Erwin W. Lutzer. The King Is Coming: Preparing to Meet Jesus. Chicago: Moody Publishers, 2012.
I would like to thank Moody Publishers for my review copy of this book. See here for Moody’s page about it.
This book is about the end times and the second coming of Jesus Christ. Erwin Lutzer believes in a pretribulational rapture, a future and literal millennial reign of Jesus Christ on earth, and a futuristic interpretation of the prophecies in the Book of Revelation. Although Lutzer entertains the idea that the Mahdi of Shiite Islam will be the Antichrist, he ultimately settles on the Antichrist coming from a revived Roman empire, which will initially make overtures of peace to Israel, while certain Islamic nations will ally with Russia in an attempt to attack Israel. Lutzer draws from the Bible and current events.
Lutzer also has ideas about God’s judgment. According to Lutzer, there is the judgment of believers, which occurs soon after the rapture of Christians. There, Christ will judge Christians, confront them about their sins, and reward them according to their good works. There is the separation of the sheep from the goats (Matthew 25), which Lutzer believes will occur right after the Great Tribulation and Christ’s second coming, and the criterion of judgment here will be whether people helped believers during their time of great vulnerability in the Tribulation, when believers were persecuted by the Antichrist and forbidden to buy and sell. The sheep who pass this judgment will then go on to live throughout the millennium in earthly paradise and will have children, many of whom will not follow Jesus, leading to these children’s susceptibility to deception when Satan is released from the bottomless pit at the end of the millennium. After the millennium, there will be the Great White Throne Judgment, in which those who did not receive Christ as their savior (or respond to whatever light God gave them) are judged according to their sins with eternal hell. The saved, however, live with God forever, and Lutzer is clear that they will not be playing a harp on a cloud and singing the same praise songs over and over: rather, they will enjoy God and each other and may even receive assignments. “Perhaps we will reign on other planets,” Lutzer speculates on page 192.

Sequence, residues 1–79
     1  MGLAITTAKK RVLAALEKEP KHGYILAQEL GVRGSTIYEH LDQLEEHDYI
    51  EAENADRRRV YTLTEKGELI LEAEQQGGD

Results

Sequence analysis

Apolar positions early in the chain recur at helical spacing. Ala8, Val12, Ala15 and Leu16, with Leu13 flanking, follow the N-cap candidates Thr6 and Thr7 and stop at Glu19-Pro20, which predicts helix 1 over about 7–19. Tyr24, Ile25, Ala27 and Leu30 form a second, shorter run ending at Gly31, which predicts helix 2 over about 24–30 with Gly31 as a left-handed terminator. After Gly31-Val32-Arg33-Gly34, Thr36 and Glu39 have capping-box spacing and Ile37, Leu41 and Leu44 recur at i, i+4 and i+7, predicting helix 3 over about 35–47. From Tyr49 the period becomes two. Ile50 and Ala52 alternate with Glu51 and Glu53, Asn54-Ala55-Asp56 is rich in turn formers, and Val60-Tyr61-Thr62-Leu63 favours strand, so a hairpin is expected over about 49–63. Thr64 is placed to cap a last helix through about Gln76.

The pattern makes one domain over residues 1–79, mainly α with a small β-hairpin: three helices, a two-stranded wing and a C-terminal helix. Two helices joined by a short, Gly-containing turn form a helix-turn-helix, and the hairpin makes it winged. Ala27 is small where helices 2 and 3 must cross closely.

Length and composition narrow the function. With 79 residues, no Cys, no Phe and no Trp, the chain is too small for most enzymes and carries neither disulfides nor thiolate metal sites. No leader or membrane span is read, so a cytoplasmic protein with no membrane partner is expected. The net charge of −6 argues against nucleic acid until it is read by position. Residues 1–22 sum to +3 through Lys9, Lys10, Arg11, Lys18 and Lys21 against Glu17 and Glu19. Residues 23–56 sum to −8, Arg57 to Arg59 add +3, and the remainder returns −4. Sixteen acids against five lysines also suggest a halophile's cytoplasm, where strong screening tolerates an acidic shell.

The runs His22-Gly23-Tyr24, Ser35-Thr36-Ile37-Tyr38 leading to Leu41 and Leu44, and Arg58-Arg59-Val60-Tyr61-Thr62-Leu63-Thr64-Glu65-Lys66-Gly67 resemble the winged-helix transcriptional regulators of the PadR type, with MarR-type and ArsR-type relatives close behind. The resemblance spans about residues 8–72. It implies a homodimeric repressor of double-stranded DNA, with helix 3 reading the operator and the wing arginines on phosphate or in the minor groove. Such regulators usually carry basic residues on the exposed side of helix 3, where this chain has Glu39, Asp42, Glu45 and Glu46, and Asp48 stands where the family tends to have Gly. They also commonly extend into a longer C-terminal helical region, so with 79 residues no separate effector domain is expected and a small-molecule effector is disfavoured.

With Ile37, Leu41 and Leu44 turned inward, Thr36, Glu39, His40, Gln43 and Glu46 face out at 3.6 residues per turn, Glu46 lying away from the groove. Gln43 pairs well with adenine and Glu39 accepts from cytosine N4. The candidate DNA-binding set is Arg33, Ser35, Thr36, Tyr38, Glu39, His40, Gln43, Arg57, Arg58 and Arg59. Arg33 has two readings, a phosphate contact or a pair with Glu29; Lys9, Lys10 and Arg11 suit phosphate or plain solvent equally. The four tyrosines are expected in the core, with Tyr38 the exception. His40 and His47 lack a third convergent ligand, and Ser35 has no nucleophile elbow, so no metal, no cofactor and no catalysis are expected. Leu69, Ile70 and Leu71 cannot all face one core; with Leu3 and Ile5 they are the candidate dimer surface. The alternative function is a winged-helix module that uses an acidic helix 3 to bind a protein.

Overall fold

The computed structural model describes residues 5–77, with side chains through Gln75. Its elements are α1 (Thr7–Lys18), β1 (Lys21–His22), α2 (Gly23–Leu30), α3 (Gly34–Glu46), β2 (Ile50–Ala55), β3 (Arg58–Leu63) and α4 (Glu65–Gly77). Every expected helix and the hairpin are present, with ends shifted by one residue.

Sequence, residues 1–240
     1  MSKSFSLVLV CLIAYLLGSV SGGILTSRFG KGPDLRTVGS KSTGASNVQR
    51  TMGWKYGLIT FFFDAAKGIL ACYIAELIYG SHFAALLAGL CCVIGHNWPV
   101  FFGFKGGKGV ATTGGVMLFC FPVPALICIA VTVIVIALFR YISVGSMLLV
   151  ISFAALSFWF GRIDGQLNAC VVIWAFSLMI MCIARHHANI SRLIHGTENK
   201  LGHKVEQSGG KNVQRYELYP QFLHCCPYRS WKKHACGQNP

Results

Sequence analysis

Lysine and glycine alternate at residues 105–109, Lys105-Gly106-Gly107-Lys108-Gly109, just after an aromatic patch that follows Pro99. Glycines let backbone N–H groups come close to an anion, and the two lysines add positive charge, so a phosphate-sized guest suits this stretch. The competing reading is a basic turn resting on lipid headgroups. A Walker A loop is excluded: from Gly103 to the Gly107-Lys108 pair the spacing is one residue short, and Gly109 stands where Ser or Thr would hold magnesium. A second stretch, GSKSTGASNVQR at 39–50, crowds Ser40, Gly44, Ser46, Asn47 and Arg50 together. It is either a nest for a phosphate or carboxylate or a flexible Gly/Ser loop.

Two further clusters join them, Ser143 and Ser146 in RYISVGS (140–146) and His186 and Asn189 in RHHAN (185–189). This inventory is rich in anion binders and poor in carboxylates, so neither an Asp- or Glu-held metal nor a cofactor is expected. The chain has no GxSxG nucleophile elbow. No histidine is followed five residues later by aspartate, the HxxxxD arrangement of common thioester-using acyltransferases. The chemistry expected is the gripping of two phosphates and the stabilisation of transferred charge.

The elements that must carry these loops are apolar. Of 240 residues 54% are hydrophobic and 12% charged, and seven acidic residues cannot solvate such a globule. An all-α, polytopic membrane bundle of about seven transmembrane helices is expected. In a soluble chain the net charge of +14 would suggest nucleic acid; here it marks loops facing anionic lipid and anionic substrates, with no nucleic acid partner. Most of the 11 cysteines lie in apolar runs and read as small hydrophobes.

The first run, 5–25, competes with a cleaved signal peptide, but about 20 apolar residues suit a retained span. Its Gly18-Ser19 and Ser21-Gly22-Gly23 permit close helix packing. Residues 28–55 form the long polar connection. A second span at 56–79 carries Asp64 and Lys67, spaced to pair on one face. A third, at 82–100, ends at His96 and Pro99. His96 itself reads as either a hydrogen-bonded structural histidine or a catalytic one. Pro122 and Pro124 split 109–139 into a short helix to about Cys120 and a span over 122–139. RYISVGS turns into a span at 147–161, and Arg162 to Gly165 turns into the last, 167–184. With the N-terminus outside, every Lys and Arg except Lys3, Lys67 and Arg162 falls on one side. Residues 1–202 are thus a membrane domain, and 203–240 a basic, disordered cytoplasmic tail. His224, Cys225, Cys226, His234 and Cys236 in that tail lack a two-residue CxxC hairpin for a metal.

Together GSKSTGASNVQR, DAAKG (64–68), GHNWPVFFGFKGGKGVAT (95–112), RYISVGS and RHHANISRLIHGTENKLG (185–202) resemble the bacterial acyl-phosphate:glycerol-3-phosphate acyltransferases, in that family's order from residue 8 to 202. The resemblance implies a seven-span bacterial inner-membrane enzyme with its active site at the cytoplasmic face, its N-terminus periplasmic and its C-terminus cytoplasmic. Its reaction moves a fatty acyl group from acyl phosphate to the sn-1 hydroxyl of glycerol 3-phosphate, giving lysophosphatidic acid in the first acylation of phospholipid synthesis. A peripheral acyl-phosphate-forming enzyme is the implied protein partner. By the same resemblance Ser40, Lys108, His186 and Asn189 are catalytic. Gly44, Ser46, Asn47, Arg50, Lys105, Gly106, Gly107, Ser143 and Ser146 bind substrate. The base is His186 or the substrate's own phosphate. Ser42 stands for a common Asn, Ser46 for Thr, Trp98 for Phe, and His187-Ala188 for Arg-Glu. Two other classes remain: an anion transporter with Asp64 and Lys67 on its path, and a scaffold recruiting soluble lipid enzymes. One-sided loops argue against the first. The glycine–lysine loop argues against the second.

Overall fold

The book was interesting, and Lutzer’s inviting, thoughtful writing style made it a worthwhile read. I had some reservations, however. First of all, Lutzer seems to believe that there are carnal Christians who will enter heaven. On pages 43-44, he pictures a married Christian man leaving his family to be with another woman, and this man will enter heaven, even though Christ will make him confront the damage that he did on earth. How would Lutzer square this with I Corinthians 6:9 and Galatians 5:19, in which Paul warns professing Christians that adulterers will not enter the Kingdom of God?
Second, Lutzer states on page 94 that “God hates immorality, and in the Bible homosexuality is singled out as the most egregious example of such conduct.” Lutzer believes that Sodom was destroyed mainly for homosexuality, not the “greed described by Ezekiel 16:48-49” (page 95). I wish that Lutzer had balanced this out with an affirmation of God’s love for homosexuals, the same way that he balances out his pro-Israel or anti-Islam sentiments with statements that we should have compassion for Palestinians, or that there are moderate Muslims whom we are privileged to know as neighbors.
Notwithstanding my reservations, I give this book five stars because it was interesting, it explained things that have puzzled me about pretribulational views on prophecy, and it had a solid spiritual component, meaning it was not just about the details of the end-times.